The half-inch cut in my stomach had healed leaving a raised fudge-coloured mark. Now J showed me his scar outside my cell door, standing in the moonlight of the corridor. His looked like an angry caterpillar. The night we did it, we made the pact by the sapodilla grove and J had said we should pelt the old knife into the ravine.
We had laughed so hard at this idea; then worried people might hear us. But the weed and puncheon meant we didn’t care, not really. It had made my thinking go round and round. We were through half the bottle when we watched each other naked, sitting in a ring to let our nervous lips graze each other’s. We wanted to taste how the weed and rum changed in our mouths. Hayden’s mouth tasted of syrup, J said. Mine like the smell of nail polish.
After, we sat and drained the bottle. I had pressed my wound through my t-shirt, wincing, sniggering and feeling giddy and horrified at the excitement. Blood brothers…what did it really mean?
Hayden walked home. The next day he stayed in bed, his sheets stiff with rancid sweat and crusted blood. The day after, he went to the hospital. His cut got septic.
Then the police arrived. Hayden had told them to speak with me. Two fat officers had stood and asked me questions, my Mom watching me from across the empty living room, pretending to file her nails while I stared at the bare red bricks of our walls. The cement oozed solid between them like cake batter. The polyester curtains fluttered lightly over the holes for windows.
What did I do for a living? I was not working, I said.
“He’s a night auditor,” Mom told them. Her nails were a metallic red, a colour she had worn for years. She liked the sound of ‘night auditor’, without knowing what it was. About a year ago now I had been checking in late night visitors at a hotel where guests paid for the room by the hour. It was my job to change the sheets when they left. J and Hayden had come once and borrowed a room but only stayed 20 minutes. Mostly, if a couple spent just one hour I would check the sheets for damp spots, and leave them if the wet wasn’t too obvious. Nobody complained. The dim light in the rooms was so low nobody could properly see the bedding anyhow.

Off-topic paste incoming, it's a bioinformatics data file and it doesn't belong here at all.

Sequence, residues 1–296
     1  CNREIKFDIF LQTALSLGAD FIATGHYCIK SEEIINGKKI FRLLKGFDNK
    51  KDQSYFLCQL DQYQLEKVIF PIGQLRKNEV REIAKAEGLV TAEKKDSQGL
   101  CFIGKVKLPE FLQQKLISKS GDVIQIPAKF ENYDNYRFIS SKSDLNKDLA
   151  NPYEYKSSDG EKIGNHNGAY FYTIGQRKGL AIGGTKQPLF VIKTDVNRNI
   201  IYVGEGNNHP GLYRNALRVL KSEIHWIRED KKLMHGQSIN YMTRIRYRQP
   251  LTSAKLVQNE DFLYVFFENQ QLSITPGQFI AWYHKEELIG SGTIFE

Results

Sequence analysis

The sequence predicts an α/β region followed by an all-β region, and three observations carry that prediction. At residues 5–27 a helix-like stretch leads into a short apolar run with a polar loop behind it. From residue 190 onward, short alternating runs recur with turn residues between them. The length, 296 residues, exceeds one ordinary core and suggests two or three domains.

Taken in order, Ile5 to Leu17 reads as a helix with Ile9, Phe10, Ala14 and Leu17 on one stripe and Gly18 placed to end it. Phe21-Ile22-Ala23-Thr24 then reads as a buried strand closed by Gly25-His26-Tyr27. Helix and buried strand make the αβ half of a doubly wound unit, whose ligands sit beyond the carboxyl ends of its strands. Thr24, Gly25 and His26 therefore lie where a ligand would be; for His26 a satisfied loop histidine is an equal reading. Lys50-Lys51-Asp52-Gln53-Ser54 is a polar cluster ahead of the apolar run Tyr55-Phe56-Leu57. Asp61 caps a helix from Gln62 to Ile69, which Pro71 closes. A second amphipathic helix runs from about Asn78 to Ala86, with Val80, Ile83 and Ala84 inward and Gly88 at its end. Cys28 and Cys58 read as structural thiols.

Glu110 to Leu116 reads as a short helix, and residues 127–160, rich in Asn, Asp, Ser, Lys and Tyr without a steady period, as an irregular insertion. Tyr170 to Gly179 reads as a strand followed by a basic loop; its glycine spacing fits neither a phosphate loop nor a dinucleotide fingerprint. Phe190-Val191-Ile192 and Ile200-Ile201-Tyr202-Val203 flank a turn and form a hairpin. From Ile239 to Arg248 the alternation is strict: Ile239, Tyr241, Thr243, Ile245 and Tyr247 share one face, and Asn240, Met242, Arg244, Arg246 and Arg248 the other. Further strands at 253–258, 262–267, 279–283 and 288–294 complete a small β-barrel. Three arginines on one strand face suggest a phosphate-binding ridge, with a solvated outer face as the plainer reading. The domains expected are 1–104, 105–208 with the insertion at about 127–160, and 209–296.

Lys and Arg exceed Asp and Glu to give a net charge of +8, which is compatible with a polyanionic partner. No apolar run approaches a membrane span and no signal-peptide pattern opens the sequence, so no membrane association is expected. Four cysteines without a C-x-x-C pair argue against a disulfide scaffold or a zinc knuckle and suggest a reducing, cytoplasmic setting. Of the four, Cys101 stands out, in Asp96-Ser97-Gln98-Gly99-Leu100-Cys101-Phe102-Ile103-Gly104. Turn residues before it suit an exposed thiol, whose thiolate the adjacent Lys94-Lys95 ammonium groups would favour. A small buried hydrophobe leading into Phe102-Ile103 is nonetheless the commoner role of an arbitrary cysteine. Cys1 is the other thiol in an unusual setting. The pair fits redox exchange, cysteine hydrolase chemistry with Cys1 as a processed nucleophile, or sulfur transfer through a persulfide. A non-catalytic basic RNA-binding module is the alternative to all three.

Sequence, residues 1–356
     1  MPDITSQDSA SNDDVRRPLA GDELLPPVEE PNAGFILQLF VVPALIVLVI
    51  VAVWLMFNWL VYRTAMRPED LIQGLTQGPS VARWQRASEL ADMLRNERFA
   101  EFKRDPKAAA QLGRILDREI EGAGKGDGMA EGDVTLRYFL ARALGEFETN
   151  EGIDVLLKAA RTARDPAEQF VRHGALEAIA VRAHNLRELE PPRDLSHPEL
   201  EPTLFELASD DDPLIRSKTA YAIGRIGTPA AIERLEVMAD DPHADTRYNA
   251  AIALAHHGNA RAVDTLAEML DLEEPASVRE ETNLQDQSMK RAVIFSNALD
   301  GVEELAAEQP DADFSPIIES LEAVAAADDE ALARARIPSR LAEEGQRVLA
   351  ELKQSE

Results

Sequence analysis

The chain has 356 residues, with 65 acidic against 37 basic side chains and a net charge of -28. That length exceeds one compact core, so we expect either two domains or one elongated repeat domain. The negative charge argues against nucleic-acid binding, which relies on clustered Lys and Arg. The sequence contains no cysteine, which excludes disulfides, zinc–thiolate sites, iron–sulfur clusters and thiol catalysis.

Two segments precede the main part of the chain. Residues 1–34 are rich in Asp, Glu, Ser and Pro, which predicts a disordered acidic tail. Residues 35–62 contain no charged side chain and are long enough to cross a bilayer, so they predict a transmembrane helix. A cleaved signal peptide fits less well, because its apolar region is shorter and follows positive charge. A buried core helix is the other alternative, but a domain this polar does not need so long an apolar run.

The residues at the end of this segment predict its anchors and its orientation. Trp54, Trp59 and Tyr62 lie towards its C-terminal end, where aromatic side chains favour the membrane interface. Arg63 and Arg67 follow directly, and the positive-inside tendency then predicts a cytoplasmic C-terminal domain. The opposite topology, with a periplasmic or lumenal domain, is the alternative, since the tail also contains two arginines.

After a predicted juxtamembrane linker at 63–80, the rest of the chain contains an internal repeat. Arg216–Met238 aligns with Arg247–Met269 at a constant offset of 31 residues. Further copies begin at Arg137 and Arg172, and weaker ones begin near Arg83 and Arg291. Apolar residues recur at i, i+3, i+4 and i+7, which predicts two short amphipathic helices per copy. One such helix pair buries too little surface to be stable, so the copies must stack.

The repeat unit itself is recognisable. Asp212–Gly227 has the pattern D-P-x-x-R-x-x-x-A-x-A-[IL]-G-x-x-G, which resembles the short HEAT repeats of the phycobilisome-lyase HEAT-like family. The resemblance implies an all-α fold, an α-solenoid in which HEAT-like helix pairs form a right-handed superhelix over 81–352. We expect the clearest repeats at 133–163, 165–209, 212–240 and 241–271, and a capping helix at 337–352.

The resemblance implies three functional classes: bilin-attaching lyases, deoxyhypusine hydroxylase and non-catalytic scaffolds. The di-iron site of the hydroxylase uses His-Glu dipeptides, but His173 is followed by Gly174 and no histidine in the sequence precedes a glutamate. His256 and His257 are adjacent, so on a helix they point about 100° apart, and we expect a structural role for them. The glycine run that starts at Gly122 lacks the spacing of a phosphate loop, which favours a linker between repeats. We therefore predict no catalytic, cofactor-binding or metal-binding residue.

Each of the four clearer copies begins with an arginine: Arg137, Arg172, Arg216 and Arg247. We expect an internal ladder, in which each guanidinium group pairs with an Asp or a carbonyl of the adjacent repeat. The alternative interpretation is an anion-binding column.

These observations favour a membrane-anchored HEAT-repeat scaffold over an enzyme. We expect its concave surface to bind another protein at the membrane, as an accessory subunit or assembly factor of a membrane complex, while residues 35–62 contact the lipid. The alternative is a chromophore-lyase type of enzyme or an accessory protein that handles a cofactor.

Now that I was in a cell of my own, I appreciated regularly cleaned sheets. These had the initials “YDC” all around the edge in blue ink like a tattoo. At our weekly assemblies Father Maurizio Aquinas would bellow: “You are the chosen 400!” We sat in rows of wooden chairs looking up at him. “Will you lead us painfully to redemption…or stay in this hollow home?” We had to shout in unison: “Lead”. That was his catchphrase. The “us” was them outside, the rest of society, those who felt loved, he said. We, the chosen 400, were the important ones, he said, although boys came and went so it was never a fixed number except in his story. How were we important! In his white cassock, white palms raised to the roof, he would let his hands suddenly fall dramatically by his side to our chorus.
J had been a prison guard since we left school. Only now I was getting to see where he worked: had this somehow always been our plan? I would get to see what he meant when he said some of the inmates were “cool to look at”. I didn’t see it. J said he got given the gym duties, but I think he asked for them. He had to monitor about 50 of us at a time when some took off their vests and sweated on the training benches. He would walk around looking surly, his big hands in his dark blue uniform. Sometimes, he would stop and talk to me – it was allowed – but he said it was better others didn’t know that we were friends; or that we had been neighbours.